- What is New Product Blueprinting?
- How is Blueprinting learned and applied?
- How does Blueprinting fit with a stage-and-gate process?
- How does Blueprinting fit with strategic planning?
- How does Blueprinting fit with Design Thinking?
- How does Blueprinting fit with Lean Startup?
- How does Blueprinting fit with Minesweeper de-risking?
- How does Blueprinting fit with LaunchStar product launch?
- What innovation metrics should we use?
Market Segmentation (Step 1)
Discovery Interviews (Step 2)
- How to plan Discovery interviews
- Preparing your interview team
- Convincing customers to be interviewed
- How to handle confidential info in an interview
- How to conduct a Discovery interview
- Finding & using a digital projector for interviews
- How to conduct a customer tour
- How to debrief & follow-up a Discovery interview
- Engaging your sales colleagues in interviews
- Engaging distributors in interviews
- Interviewing customers down the value chain
- How to interview remotely with web-conferences
- How to interview at trade shows & other venues
- Interviewing in different global cultures & languages
- How to listen well during customer interviews
- How to probe during customer interviews
- How to gather economic data during interviews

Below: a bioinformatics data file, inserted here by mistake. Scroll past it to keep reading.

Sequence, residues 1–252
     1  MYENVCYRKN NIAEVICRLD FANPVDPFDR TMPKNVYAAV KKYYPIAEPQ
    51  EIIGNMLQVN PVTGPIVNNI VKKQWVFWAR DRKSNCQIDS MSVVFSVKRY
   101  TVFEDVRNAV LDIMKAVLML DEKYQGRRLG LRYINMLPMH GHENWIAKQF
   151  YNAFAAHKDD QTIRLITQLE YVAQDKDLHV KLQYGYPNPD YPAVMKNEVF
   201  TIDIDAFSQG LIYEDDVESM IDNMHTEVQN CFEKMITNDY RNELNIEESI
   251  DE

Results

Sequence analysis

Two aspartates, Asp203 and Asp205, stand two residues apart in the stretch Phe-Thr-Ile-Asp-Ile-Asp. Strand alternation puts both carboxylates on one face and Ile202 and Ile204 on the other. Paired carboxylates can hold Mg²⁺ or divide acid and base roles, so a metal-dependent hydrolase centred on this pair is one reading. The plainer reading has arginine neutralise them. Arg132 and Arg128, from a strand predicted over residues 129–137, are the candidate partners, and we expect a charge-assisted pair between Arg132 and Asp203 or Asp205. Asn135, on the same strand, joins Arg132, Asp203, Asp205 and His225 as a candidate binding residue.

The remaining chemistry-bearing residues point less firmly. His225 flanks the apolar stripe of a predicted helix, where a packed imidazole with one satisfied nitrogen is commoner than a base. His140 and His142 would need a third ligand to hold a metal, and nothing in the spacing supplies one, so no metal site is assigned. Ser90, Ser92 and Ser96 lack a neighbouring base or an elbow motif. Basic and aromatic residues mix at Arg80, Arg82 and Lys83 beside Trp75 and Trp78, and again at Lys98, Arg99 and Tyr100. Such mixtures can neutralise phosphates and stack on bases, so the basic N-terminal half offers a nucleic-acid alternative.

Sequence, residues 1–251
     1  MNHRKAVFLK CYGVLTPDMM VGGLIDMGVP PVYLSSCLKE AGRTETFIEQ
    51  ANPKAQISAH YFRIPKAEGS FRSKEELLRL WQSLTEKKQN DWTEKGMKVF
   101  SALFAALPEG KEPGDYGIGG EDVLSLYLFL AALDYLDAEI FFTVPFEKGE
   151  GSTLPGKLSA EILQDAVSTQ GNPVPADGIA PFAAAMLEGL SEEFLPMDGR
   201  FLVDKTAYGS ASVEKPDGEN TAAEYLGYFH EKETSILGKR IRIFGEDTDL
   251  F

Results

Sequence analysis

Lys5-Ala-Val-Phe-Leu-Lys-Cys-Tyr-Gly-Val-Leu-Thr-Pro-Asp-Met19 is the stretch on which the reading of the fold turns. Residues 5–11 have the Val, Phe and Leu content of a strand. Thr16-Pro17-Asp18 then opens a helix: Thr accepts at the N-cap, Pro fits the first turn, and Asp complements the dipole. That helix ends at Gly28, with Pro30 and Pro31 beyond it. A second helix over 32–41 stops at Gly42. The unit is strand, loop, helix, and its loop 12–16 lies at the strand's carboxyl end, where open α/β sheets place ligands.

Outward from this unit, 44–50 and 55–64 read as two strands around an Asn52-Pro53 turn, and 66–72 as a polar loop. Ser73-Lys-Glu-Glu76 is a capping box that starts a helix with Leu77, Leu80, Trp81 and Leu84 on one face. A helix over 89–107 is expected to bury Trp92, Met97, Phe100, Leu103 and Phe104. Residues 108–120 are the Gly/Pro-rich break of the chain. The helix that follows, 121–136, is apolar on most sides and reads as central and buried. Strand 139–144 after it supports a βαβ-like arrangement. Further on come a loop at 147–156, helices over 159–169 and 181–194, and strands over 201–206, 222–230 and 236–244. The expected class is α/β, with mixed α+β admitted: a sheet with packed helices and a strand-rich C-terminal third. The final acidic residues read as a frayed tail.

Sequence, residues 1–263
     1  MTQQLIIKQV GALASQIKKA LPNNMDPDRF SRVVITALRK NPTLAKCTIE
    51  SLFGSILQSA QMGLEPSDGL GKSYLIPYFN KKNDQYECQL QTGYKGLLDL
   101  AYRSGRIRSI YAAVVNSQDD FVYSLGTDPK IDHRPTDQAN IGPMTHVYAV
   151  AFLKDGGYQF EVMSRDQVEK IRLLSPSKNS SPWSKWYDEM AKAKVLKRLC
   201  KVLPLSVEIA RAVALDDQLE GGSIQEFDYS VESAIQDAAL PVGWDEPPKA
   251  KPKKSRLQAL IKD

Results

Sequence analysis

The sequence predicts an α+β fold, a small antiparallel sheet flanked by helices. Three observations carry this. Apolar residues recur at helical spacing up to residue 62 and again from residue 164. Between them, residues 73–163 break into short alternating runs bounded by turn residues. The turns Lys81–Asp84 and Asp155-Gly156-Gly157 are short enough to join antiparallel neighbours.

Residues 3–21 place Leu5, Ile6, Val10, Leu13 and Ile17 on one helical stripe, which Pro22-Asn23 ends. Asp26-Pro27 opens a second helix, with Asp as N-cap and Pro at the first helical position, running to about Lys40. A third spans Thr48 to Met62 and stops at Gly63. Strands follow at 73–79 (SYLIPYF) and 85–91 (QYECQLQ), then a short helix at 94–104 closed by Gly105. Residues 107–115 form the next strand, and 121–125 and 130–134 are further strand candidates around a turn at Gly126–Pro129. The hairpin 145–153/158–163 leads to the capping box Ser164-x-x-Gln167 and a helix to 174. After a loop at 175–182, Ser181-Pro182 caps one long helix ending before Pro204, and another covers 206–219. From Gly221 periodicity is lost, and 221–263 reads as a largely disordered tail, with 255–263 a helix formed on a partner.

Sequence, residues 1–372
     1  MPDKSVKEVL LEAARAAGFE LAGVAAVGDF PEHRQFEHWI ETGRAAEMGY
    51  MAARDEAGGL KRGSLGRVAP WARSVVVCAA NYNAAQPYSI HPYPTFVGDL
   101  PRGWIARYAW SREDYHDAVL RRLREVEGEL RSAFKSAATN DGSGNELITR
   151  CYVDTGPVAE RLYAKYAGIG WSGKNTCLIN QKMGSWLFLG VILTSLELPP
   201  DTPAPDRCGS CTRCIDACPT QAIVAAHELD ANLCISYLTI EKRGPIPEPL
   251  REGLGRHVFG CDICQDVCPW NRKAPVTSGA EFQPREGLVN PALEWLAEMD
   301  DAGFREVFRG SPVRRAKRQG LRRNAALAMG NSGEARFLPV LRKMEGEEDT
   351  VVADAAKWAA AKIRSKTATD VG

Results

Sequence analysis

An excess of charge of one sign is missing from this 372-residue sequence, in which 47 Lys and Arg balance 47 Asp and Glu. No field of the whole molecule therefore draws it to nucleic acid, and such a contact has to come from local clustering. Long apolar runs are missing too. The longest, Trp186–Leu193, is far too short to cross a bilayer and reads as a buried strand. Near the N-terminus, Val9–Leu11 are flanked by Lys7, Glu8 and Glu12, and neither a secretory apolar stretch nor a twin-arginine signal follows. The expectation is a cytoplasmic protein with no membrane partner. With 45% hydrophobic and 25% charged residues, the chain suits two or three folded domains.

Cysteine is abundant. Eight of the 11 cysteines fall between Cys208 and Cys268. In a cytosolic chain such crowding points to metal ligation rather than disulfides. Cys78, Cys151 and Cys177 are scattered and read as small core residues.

- How to create & use Current State questions
- How to identify Must Haves (MH)
- How to select Top Picks (TP)
- How to use Trigger Maps
- How to form Outcome Statements
Preference Interviews (Step 3)
Rest of Blueprinting (Steps 4-7)
4. Convincing customer to give you a tour
Consider these options if a customer resists providing a tour when you visit them.
Some companies and industries are notoriously resistant to letting you tour their facilities. That’s OK. The question is, can you at least learn more than your competitors? Consider these approaches.
- Request a partial tour. The customer may be comfortable letting you see certain less-proprietary portions of their operation.
- Ask for a virtual tour. They can sketch out their process on a conference white board, giving you an excellent understanding of their process.
- Request the tour after your interview. Yes, ideally you’d like to tour first and then interview. But sometimes a customer is more willing to let you see their process after you’ve impressed them with your sincere desire to listen and learn during an interview.
- Offer to sign a non-disclosure agreement (NDA). This can make a customer more willing to let you tour their operation.
- Don’t give up. Just because they say “no” the first time, don’t assume you’ll never get that tour. The secret? Convince them you are a supplier that can truly innovate on their behalf… and that the benefits of working with you outweigh the risks.
For more on this topic, view e-Learning Module 14: Customer Tours, at www.blueprintingcenter.com > e-Learning.
Keywords: Reluctant customer, customer tour, B2B customer tour, tour of customer facility, tour of customer operation, partial tour, virtual tour, tour after interview, non-disclosure agreement, NDA